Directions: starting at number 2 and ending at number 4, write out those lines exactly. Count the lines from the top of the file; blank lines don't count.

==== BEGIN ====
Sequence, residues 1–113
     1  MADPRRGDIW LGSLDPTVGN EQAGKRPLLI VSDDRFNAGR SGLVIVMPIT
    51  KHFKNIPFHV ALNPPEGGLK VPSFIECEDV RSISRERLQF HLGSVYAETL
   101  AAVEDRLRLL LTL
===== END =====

     1  MADPRRGDIW LGSLDPTVGN EQAGKRPLLI VSDDRFNAGR SGLVIVMPIT
    51  KHFKNIPFHV ALNPPEGGLK VPSFIECEDV RSISRERLQF HLGSVYAETL
   101  AAVEDRLRLL LTL